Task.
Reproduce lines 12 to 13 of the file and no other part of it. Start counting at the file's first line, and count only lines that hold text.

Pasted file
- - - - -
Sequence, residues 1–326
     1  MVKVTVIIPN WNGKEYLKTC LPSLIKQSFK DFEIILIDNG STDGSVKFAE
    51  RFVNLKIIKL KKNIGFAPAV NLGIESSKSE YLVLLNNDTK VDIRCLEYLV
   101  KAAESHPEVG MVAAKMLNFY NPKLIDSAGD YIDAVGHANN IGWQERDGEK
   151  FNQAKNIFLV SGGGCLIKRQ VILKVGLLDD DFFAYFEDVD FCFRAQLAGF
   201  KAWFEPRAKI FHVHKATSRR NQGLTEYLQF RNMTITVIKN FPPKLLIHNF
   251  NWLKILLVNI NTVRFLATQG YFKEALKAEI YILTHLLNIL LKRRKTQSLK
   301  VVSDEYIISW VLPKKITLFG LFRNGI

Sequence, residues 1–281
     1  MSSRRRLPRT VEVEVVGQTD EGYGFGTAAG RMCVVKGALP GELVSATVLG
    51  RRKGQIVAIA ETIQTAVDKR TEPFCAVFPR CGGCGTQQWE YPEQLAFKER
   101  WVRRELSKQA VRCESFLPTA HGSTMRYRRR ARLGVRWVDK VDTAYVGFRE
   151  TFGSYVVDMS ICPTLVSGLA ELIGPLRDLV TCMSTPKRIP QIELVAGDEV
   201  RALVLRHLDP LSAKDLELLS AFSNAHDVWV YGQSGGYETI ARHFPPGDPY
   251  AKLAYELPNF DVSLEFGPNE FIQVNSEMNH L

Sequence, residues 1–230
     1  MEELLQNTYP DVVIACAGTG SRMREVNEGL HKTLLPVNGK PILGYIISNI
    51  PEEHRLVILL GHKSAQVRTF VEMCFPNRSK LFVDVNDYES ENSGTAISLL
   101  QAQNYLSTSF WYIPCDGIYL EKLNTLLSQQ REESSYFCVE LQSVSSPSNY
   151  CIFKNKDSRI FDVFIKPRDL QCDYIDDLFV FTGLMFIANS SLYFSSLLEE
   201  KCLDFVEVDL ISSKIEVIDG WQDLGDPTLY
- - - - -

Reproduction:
   101  WVRRELSKQA VRCESFLPTA HGSTMRYRRR ARLGVRWVDK VDTAYVGFRE
   151  TFGSYVVDMS ICPTLVSGLA ELIGPLRDLV TCMSTPKRIP QIELVAGDEV